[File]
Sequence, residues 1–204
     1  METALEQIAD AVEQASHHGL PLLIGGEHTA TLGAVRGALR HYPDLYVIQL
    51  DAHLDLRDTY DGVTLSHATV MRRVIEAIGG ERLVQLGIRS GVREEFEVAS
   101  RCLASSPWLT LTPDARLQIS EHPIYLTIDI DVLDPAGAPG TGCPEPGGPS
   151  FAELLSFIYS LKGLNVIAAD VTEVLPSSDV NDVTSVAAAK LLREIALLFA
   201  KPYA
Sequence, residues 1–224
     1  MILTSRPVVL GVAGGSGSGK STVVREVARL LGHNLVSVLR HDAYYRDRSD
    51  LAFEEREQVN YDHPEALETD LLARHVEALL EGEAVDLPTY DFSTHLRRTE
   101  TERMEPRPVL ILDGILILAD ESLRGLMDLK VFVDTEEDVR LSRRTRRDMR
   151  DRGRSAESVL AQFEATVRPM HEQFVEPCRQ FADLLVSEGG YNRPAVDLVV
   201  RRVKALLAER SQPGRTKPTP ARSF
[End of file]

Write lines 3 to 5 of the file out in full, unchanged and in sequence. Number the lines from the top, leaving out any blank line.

    51  DAHLDLRDTY DGVTLSHATV MRRVIEAIGG ERLVQLGIRS GVREEFEVAS
   101  RCLASSPWLT LTPDARLQIS EHPIYLTIDI DVLDPAGAPG TGCPEPGGPS
   151  FAELLSFIYS LKGLNVIAAD VTEVLPSSDV NDVTSVAAAK LLREIALLFA